Tuesday, October 4, 2011

Taking Apart Images - Part 8.3 - Children of the Planets: Mercury and His Children: Convex Mirror

Here is representation of a convex mirror similar to what was found in Saint Luke Painting the Virgin.  I thought this time I might go into a bit more detail on the convex mirrors used at this point in history.

The Antiques Council gives a little information on convex mirrors:
Convex mirror is the generic term for a reflective glass surface that is in a convex, or outwardly rounded, shape.  Unlike a "looking glass" that is a flat plane of surface-reflective glass showing a "mirror image," convex mirrors distort the reflected perspective to capture light at angles within a room, allowing a wider field of vision and reflection than a looking glass permits.
Convex mirrors are seen in Dutch paintings as early as the 15th century, and the mirror form is also recorded in documentation from Germany of the same period.
Encyclopaedia Britannica 1911 edition had this to say:
A gild of glass-mirror makers existed at Nuremberg in 1373, and small convex mirrors were commonly made in southern Germany before the beginning of the 16th century; and these continued to be in demand, under the name of bull'seyes (Ochsen-Augen), till comparatively modern times. They were made by blowing small globes of glass into which while still hot was passed through the pipe a mixture of tin, antimony and resin or tar. When the globe was entirely coated with the metallic compound and cooled it was cut into convex lenses, which formed small but well-defined images. .... It was, however, in Venice that the making of glass mirrors on a commercial scale was first developed; and the republic enjoyed a much prized monopoly of the manufacture for about a century and a half. In 1507 two inhabitants of Murano, representing that they possessed the secret of making perfect mirrors of glass, a knowledge hitherto confined to one German glass-house, obtained an exclusive privilege of manufacturing mirrors for a period of twenty years.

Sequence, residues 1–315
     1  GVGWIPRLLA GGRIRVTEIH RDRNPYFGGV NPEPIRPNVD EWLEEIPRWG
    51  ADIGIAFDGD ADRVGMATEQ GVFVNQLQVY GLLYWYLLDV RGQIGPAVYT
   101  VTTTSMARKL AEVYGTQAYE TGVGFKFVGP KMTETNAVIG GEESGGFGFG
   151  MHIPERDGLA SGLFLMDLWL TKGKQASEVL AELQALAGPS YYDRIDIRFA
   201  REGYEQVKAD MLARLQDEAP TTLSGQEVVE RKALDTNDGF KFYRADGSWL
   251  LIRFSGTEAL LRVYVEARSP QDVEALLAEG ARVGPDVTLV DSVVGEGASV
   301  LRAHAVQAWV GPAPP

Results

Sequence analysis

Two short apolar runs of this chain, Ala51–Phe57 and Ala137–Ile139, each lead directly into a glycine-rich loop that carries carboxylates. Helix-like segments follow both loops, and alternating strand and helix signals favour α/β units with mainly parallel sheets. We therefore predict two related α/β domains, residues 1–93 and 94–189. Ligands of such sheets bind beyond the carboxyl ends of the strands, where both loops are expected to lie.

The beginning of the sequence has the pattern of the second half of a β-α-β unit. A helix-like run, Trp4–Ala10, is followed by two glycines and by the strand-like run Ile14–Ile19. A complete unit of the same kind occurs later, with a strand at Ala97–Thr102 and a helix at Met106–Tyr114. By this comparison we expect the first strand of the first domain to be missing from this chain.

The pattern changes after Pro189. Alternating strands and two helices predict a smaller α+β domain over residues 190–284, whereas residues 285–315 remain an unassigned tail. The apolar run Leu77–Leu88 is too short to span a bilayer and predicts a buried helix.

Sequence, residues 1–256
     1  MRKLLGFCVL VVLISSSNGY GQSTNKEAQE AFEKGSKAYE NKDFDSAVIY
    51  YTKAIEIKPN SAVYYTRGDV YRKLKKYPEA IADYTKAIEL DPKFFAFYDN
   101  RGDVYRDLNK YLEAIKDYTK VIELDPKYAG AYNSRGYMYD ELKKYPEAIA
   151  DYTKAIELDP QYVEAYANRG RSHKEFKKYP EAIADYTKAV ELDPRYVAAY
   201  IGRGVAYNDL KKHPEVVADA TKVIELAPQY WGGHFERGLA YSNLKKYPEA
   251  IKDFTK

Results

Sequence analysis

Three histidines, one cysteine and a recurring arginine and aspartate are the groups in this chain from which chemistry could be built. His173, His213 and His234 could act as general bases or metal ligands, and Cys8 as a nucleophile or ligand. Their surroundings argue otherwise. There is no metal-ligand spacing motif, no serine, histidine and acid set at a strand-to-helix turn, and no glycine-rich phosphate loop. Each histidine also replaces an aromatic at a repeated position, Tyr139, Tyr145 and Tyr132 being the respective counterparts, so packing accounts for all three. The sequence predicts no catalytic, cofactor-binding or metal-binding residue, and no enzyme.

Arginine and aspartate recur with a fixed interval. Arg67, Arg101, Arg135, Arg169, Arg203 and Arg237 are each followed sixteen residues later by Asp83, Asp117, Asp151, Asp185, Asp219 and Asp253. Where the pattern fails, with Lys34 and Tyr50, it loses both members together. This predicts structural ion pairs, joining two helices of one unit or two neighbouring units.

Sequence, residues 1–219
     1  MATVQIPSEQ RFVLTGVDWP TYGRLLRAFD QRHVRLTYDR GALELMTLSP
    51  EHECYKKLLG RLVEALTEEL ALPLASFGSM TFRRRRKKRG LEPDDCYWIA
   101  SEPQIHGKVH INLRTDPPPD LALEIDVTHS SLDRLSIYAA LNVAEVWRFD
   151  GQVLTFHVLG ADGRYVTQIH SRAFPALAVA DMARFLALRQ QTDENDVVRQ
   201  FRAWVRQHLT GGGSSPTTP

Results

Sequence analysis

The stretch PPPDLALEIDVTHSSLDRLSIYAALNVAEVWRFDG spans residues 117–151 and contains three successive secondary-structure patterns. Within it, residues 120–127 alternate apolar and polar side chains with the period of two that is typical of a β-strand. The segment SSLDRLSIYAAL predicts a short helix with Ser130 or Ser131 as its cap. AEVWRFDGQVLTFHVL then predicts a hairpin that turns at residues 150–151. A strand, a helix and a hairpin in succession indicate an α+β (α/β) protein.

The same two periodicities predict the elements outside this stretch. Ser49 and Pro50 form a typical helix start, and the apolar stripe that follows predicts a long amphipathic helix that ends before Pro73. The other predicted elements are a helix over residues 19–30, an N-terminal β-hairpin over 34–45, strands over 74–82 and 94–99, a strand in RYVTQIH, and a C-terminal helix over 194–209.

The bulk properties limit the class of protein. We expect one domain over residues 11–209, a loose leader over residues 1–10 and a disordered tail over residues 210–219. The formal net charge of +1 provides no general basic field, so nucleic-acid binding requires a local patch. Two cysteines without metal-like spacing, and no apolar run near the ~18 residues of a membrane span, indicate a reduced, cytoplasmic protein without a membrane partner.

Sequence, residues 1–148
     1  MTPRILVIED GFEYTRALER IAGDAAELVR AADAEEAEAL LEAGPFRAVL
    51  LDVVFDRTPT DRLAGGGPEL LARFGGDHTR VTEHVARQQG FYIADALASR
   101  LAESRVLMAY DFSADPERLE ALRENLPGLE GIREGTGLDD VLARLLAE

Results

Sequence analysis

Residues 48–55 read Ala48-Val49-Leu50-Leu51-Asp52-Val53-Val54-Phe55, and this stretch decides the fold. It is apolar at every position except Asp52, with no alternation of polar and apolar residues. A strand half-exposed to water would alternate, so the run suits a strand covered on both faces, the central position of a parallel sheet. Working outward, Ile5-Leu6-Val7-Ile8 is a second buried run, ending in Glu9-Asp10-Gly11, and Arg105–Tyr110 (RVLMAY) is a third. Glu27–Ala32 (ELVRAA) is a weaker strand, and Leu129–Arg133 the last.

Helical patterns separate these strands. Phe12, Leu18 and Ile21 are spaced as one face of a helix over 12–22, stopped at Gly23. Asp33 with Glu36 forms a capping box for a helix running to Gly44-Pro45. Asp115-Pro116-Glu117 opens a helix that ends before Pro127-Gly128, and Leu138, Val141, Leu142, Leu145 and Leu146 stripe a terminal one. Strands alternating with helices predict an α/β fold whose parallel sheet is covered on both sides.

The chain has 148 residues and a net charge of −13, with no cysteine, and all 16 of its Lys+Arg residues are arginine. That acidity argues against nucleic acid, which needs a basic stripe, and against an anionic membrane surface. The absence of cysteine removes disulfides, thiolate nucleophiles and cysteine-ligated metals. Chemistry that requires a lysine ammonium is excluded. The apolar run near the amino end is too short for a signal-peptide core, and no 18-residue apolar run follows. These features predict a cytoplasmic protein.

Going through other images, I started finding a few more representations, such as the following:

The Seven Deadly Sins: Vanity (or Pride) Detail (c1485) by Hieronimous Bosch
Vanity (c1485) by Hans Memling
Diptych of Maarten Nieuwenhove (1487) by Hans Memling
The Moneylender and his Wife (1514) by Quentin Massys

There is also a collection of images with convex mirrors in this blog and more images on Larsdatter.com.  I even found modern representations for these mirrors, but $129 for the small size is a bit pricey for me.

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